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BENHAM, Judge.
Action on note. Richmond State Court. Before Judge Hamrick.
1. Citing OCGA 10-7-22, appellant maintains his obligation was discharged because the bank committed an act that increased appellant's risk. The "act" with which appellant finds fault is an increase in the interest rate charged the Harrells: the February 1984 note had a 13 percent rate while the July 1985 note was set at 14 percent. Since any change in the terms of a contract is a novation that will discharge a surety who has not consented to the change (OCGA 10-7-21), we must focus our attention on the contents of the guaranty agreement to determine if appellant consented in advance to the change in terms. See C&S Nat. Bank v. Scheider, 139 Ga. App. 475, 476 (228 SE2d 611) (1976).
Through his guaranty, appellant "unconditionally guarantee[d] . . . the due and punctual payment of any indebtedness due the Bank by the [Harrells] according to the terms of the instruments evidencing such indebtedness." (Emphasis supplied.) The guaranty agreement defined "indebtedness" as including "all obligations of the [Harrells] to the Bank of every kind and character now existing or which may hereafter come into existence, and any renewals or extensions thereof. . . ." A typed addendum to appellant's guaranty limited it to the February 1984 loan and any renewal thereof. By signing the guaranty, appellant agreed to pay the February 1984 obligation or any renewal thereof owed the bank by the Harrells according to the terms of the instrument evidencing the indebtedness. It is undisputed that the July 1985 obligation is a renewal of the February 1984 note. Thus, the guaranty agreement covered it as well as the February 1984 note. Since appellant unconditionally guaranteed payment of any renewal of the February 1984 obligation of the Harrells to the bank according to the terms of that renewal, and it is undisputed that the note sued upon was a renewal of the February 1984 obligation the Harrells owed the bank, appellant was properly held accountable.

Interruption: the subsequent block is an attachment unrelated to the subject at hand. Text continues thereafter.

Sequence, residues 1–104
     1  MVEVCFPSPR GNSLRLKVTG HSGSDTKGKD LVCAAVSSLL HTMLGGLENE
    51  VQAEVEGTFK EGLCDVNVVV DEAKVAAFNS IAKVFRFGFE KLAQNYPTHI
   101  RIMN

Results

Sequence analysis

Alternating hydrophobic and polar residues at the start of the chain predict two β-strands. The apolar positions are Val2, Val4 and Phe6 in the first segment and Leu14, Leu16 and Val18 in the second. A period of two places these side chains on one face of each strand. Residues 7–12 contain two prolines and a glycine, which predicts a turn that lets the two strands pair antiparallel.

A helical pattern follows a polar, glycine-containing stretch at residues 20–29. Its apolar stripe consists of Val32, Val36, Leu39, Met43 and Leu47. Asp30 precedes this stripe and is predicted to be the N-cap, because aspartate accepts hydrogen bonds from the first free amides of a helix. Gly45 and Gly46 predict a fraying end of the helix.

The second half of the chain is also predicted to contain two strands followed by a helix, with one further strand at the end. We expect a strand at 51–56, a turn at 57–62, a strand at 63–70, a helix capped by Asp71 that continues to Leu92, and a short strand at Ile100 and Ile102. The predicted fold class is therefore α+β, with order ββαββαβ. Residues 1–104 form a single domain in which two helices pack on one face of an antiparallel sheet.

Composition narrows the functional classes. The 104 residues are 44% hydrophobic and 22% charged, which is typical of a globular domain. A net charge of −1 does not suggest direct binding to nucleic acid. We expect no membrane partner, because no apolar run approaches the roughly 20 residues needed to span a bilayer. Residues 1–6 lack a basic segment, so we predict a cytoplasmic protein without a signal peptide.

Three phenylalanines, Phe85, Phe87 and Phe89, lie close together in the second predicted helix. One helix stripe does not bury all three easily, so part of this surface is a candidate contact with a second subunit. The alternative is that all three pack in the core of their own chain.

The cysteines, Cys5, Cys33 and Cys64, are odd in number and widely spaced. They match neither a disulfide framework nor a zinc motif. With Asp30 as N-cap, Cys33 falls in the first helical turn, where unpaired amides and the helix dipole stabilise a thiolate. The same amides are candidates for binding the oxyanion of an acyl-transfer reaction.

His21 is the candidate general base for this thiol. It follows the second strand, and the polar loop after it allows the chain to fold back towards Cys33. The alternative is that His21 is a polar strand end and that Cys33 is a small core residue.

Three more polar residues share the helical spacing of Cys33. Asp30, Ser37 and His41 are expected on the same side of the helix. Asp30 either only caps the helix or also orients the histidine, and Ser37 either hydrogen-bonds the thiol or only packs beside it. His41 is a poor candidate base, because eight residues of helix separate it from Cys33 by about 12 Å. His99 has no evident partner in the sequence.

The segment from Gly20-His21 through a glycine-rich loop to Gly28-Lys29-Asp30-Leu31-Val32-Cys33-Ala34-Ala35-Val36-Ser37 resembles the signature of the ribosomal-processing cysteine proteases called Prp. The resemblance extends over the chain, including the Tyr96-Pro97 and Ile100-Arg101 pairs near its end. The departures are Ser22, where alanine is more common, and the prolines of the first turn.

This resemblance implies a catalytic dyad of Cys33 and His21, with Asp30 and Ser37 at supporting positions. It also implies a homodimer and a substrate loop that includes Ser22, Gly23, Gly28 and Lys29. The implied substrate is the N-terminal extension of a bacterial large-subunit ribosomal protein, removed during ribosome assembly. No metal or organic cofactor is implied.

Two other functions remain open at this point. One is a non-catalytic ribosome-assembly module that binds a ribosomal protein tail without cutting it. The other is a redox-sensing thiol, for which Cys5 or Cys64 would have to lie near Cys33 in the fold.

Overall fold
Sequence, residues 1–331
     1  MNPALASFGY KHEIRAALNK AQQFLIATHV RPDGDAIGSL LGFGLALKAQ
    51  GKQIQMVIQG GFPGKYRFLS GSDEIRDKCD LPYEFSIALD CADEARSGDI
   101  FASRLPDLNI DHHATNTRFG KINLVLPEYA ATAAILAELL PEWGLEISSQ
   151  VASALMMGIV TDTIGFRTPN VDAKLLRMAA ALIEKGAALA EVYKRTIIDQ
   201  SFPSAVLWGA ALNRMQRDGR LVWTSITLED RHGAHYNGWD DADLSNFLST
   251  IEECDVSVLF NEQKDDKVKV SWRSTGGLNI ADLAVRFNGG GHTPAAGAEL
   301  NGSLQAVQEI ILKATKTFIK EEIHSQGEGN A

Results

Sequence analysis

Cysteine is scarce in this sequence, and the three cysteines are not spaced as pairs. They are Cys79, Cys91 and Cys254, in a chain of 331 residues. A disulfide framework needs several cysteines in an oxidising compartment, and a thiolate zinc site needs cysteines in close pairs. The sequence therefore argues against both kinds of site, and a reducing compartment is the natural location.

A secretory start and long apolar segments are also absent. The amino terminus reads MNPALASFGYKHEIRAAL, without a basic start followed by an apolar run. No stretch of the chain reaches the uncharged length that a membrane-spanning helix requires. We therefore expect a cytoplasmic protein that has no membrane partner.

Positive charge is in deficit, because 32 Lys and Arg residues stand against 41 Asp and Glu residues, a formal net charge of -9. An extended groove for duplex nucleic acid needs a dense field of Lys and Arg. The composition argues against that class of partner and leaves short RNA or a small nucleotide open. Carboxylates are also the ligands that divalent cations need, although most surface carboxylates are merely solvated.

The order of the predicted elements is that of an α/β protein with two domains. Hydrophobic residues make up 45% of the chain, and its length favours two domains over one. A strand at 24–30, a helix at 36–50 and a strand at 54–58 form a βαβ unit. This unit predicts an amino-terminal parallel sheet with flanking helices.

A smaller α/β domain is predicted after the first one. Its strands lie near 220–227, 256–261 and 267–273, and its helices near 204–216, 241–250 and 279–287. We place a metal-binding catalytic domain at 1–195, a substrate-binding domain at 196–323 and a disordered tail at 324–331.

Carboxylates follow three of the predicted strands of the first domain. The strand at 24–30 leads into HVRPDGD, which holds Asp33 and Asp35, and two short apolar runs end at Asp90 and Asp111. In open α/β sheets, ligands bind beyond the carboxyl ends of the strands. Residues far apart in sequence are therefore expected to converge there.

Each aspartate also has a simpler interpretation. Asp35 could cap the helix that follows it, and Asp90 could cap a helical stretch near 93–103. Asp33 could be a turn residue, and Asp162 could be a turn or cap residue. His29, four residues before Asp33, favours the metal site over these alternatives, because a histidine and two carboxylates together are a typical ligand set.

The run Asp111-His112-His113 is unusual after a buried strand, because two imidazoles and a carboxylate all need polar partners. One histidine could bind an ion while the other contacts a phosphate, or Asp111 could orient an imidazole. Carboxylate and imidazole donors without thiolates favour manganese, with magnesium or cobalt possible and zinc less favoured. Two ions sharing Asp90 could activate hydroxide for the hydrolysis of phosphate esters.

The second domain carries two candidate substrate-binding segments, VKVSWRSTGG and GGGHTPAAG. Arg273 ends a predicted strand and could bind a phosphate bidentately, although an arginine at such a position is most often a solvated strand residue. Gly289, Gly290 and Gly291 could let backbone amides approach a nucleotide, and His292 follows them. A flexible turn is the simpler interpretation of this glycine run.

2. Despite the fact that appellant unconditionally guaranteed payment of the note on which the Harrells defaulted, total summary judgment in favor of the bank was not warranted by the facts of this case. Appellant maintains that, during the period in which his guaranty was in effect, he came into possession of $7,000 belonging to the Harrells. When he called the bank to inquire about the status of the note he had guaranteed, he was told by a bank employee that the note had been "taken care of." Relying on this information, appellant gave the $7,000 to the Harrells, who subsequently defaulted on their note to the bank. The bank denies that appellant was so informed by one of its authorized employees, but concedes that the facts asserted by appellant may be sufficient to partially discharge appellant. We agree.
" 'A promise to look solely to the . . . debtor, or a promise to proceed forthwith against him, is, when standing alone, a nudum pactum that can have no effect on the obligation of the surety. And this is equally true of an allegation that the debt has been paid and that the surety will have no further trouble. When, however, the surety is induced by such an assurance to surrender the securities which he has received from the principal, or to forego any means of indemnity or protection, an estoppel will arise to the extent of the resulting loss.' " Johnson v. Longley, 142 Ga. 814 (1) (83 SE 952) (1914). Since there exists a genuine issue of material fact concerning the allegation that appellant was injured in the amount of $7,000 by a statement purportedly made by an authorized bank employee, it was error to grant summary judgment in the bank's favor.
O. Palmour Hollis, Charles C. Stebbins III, for appellee.
Larry I. Smith, for appellant.
DECIDED JUNE 16, 1987.
Thursday May 21 14:14 EDT

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